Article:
When the latch 30 is not reset, it contains the new processed digital sample received from summation circuit 26. This new processed sample is then stored in memory 42 at the memory location from which the stored process sample was retrieved and was used in the formation of the new processed sample. The memory 42 includes a memory location for each of the time slots for a time frame. The signal samples for each of the recurring time slots are summed in the memory 42 at a separate location for each time slot. The memory control circuit 50 reads out the appropriate memory location which corresponds to the time slot of the digital input sample which is input to latch 18. Thus, each time slot is digitally integrated over a series of frames.
The integration counter 62 counts the number of summation steps which have occurred for each time slot and monitors the resetting of each time slot by the latch 54. Whenever a set number of summation steps have occurred for a given time slot and that time slot has not been reset, integration counter 62 generates a signal which serves to reset latch 54 for that time slot. If a correlation pulse is not detected over a preset number of samples, the corresponding memory location is set to zero to renew the integration process. The noise is sampled along with the correlation pulses and will also be integrated. Thus, the memory locations must be periodically reset to eliminate the accumulation of the noise samples. Alternatively, if the analog-to-digital converter 14 operates to provide a signed magnitude, the integration counter 62 is operational only during circuit start-up. That is, summation circuit 62 sums both positive and negative values, which averages to zero for noise. Since the noise does not occur at a periodic rate as with the correlation pulses, the integrated sum of the noise should be substantially less than the integrated sum of the correlation pulses.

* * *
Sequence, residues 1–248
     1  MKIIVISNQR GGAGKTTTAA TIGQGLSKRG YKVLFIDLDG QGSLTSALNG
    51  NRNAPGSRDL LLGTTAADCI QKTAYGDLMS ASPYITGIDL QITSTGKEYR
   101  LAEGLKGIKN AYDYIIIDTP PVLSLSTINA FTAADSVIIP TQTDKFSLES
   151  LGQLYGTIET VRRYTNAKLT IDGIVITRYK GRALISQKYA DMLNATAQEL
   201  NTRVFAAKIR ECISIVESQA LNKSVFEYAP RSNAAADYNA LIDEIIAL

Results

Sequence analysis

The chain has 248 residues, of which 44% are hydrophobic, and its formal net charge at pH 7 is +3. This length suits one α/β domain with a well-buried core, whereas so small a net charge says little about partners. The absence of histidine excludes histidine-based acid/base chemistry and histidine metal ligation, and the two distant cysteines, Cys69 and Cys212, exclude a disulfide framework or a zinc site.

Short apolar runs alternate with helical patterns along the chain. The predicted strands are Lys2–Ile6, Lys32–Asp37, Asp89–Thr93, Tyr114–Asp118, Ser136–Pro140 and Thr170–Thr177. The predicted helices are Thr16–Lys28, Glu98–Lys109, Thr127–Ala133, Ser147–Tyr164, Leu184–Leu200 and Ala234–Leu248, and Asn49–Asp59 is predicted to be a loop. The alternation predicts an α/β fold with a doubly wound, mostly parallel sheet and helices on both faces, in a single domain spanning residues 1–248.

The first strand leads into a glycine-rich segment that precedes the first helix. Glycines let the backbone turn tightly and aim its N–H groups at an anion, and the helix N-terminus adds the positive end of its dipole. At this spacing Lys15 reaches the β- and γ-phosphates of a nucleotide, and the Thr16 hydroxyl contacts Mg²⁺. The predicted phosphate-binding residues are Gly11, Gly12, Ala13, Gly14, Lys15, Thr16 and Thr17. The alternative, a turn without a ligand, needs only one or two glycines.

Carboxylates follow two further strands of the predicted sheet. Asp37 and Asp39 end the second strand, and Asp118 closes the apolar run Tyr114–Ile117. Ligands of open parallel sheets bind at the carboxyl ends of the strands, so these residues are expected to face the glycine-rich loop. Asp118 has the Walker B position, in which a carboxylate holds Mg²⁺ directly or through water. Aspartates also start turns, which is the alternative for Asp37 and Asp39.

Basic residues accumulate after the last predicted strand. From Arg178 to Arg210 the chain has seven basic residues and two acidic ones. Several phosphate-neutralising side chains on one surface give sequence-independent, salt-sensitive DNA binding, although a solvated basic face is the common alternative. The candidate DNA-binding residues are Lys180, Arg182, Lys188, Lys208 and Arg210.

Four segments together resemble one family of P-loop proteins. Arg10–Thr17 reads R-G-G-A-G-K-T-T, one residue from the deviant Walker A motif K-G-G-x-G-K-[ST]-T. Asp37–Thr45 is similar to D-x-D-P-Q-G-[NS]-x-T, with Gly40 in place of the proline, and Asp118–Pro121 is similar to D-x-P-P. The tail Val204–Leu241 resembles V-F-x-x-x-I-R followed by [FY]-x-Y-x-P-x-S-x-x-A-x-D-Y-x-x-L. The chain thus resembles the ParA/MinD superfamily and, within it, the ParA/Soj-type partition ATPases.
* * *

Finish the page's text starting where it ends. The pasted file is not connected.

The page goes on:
For the embodiment illustrated in FIG. 1, the circuit 26 forms a summation mathematical function. The present invention, however, is not limited to only a summation mathematical process. Further mathematical processes which can be utilized in place of summation are multiplication, and Fast Fourier Transform.
Referring now to FIGS. 3A-3C, there is shown a detailed schematic diagram of a digital pulse detector circuit which essentially corresponds to the block diagram processor 10 illustrated in FIG. 1. The part numbers are illustrated for the integrated circuits and dashed lines enclose groups of circuits and are labeled to correspond to the similar circuits illustrated in FIG. 1.